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Topic: Westfield
Mayne: how will Lowys handle board renewal at upcoming AGMs?

Mayne: how will Lowys handle board renewal at upcoming AGMs?

Frank Lowy and co. are at a crossroads. What they do next will be telling.

Mayne: <em>AFR</em> spins it for Westfield, Lowy

Mayne: AFR spins it for Westfield, Lowy

Questionable journalistic practices abound in The Australian Financial Review's coverage of the recent Westfield restructure.

Mayne: rift between retail shareholders and the big end of town must close

Mayne: rift between retail shareholders and the big end of town must close

A lot of Australian retail shareholders don’t bother to vote because they feel swamped by institutional shareholders, but new ASX rules could change that.

Tips and rumours

Tips and rumours

Tradies to do safety checks at BHP ... Young Libs and student unions ... Westfield leaves Australia a parting gift ...

Mayne: why last week’s vote on Westfield (and Lowy) should stand

Mayne: why last week’s vote on Westfield (and Lowy) should stand

Westfield Retail Trust heads to court today. Here's the case for why the process is all wrong.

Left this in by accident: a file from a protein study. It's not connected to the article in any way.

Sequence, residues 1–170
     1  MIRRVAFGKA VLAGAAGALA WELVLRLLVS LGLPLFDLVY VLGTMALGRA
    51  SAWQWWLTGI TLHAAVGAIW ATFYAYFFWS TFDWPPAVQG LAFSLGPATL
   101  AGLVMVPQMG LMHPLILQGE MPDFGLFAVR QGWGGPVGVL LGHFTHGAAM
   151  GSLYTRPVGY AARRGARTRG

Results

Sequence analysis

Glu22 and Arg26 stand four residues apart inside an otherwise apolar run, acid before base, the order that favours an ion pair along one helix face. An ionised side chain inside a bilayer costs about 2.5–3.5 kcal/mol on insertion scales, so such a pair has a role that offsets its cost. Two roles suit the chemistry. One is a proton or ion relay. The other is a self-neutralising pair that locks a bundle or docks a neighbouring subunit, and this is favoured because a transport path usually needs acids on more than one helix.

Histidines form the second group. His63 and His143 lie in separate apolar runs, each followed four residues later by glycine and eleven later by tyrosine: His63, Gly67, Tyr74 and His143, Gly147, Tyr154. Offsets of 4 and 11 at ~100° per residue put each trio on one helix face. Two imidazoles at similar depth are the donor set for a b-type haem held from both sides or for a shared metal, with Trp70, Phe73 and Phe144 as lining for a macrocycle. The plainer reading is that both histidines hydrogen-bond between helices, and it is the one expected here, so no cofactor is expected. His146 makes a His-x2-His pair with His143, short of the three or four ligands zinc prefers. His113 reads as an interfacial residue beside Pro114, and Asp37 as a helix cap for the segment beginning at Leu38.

Crikey Clarifier: Lowy loses, so what now for Westfield?

Crikey Clarifier: Lowy loses, so what now for Westfield?

Yesterday was a rough day for Australia's second-richest man, with the future of his shopping centre empire uncertain.

Westfield fate to go down to the wire

Westfield fate to go down to the wire

Westfield's proposed restructure will be decided by unitholders this afternoon, with founder Frank Lowy saying the vote could go either way.

Reward for labour? Westfield boys should be docked — here’s how

Reward for labour? Westfield boys should be docked — here’s how

The Lowys say they've deserved their $300 million in cash over two decades to run Westfield. Shareholders might disagree, and there's a course of action if they do.

Are the Lowys worth their $300m salaries?

Are the Lowys worth their $300m salaries?

The Lowy family still continue to draw millions from Westfield, which is extraordinary. But now shareholders are thinking about putting a stop to it.

Private equity to blame for REDgroup collapse

Private equity to blame for REDgroup collapse

The private equity model of buying companies and loading them with debt was completely inappropriate for a company facing tough market conditions, writes Glenn Dyer.